All in all, today's PSU is a different place. Our handbooks are no longer hand-sized (they are 8.5"x 11"), and they don't cover curfews or rules about campus etiquette. So freshman of the 21st century, fear not. You won't be paddled for walking on the green or forgetting to wear your dink. However, I'm sure (though I don't speak for all of us) librarians and archivists alike would agree with this section of the old handbook:

Okay, so there's no more card catalog; it's now the CAT. You get what I mean.

Enjoy Homecoming Weekend and Fight on, State!

Tuesday, October 2, 2012

Special Collections Gallery Talk Highlights Picture Books for Children

A Special Collections Gallery talk on Wednesday, October 10, at 4:00 p.m. in the Foster Auditorium, 102 Paterno Library, will highlight a new exhibition in the Special Collections Library. “Heinrich Hoffmann’s Stories for Children and the Emergence of the Modern Picture Book,” opening on October 8, will explore the work of Hoffmann (1809–1894), a German psychiatrist whose most popular book, Struwwelpeter, has delighted children on both sides of the Atlantic since its first publication in 1845.

Gerhard F. Strasser, professor emeritus of German and Comparative Literature at Penn State, will introduce an engaging video featuring Frau Marion Herzog-Hoinkis, of Frankfurt, Germany. Herzog, whose late husband, Gerhard Hertz Herzog, was director of the Struwwelpeter Museum in Frankurt am Main, will give a lively, illustrated tour of the history and influence of the boy called Shockheaded Peter, as he is known in English, and will explain how there came to be a museum devoted to a fictional character.

The video, produced by Berlin videographers Alexander Kraudelt and Victoria Magali Herzog, is accompanied by the darkly humorous songs of the Tiger Lillies, a British trio often described as the forefathers of Brechtian Punk Cabaret. Their 1998 musical “Shockheaded Peter: A Junk Opera” set the stories of Heinrich Hoffmann to music.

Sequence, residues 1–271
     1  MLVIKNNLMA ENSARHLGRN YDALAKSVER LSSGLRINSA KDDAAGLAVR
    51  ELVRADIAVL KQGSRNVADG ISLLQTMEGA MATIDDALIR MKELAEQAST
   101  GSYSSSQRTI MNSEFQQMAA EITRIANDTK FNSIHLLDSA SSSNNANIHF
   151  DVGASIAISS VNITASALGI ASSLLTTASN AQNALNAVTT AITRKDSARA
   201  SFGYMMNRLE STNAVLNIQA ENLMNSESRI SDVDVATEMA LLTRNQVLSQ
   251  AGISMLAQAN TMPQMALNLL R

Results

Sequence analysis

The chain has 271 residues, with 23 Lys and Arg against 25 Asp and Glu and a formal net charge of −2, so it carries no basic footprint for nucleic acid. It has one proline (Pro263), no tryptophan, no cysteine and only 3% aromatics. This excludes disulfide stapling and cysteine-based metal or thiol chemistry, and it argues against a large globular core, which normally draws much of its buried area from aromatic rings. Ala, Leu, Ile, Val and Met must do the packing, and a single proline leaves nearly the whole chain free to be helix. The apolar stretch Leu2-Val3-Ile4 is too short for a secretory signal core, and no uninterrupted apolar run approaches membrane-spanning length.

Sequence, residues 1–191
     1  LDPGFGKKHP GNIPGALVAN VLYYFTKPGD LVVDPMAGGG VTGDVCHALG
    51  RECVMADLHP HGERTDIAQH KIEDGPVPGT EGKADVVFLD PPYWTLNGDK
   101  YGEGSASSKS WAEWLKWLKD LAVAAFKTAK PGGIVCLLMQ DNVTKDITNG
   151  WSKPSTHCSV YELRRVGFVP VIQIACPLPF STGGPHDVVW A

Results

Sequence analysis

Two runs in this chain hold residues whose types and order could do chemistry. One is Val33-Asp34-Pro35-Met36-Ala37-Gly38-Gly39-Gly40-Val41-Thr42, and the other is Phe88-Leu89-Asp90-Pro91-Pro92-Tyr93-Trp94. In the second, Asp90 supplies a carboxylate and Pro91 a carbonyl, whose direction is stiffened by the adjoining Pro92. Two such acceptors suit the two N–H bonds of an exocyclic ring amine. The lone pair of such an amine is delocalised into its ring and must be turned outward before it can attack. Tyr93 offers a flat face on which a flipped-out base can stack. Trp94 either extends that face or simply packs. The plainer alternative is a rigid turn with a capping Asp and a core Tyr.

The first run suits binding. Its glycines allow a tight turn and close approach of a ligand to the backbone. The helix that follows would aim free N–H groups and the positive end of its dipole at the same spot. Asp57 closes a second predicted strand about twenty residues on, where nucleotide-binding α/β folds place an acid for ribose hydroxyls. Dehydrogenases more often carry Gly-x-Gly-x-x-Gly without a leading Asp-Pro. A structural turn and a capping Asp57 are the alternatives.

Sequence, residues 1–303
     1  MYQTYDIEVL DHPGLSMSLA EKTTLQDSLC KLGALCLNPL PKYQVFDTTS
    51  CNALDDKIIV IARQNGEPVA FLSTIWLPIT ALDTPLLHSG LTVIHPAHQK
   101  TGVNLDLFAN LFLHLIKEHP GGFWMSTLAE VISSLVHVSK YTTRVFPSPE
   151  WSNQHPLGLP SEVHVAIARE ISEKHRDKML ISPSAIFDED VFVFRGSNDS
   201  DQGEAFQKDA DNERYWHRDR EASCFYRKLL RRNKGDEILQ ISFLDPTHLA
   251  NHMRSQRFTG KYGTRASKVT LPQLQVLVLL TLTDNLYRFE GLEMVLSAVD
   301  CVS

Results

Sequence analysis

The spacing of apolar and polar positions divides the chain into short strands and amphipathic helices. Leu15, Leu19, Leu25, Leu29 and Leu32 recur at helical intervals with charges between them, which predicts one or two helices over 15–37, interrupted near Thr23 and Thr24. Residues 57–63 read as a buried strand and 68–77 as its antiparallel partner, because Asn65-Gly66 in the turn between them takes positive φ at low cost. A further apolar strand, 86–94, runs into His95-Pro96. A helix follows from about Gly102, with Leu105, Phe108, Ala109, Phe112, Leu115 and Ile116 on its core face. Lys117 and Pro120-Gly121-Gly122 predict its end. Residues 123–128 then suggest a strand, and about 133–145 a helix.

Frau Herzog recently donated to the Special Collections Library some 300 items from her personal collection of editions, translations, imitations, and parodies of the story, many of them included in the exhibition. Early children’s books were moral tales about teaching virtues or etiquette. Hoffmann’s genius is that he turned such moral tales upside down and made fun of them with his exaggerated stories. The iconic status of Struwwelpeter is a testimony to Hoffmann’s radical and original influence on the modern picture book, where the text and the illustrations are integral and equal. His innovation was the birth of the funny picture book, whose legacy includes comic books and even the graphic novel. Hoffmann’s influence can also be seen in modern examples in the exhibition, including works by Edward Gorey and Maurice Sendak.

The exhibition draws on the extensive holdings of children’s literature in the Allison-Shelley Collection of German Literature in English Translation. A special feature of the display will highlight educational toys developed by the 19th-century German educator Friedrich Froebel, who created the concept of the “kindergarten” and coined the word.

The gallery talk will be followed by a reception in the Mann Assembly Room, 103 Paterno Library. The exhibition will run through January 25, 2013.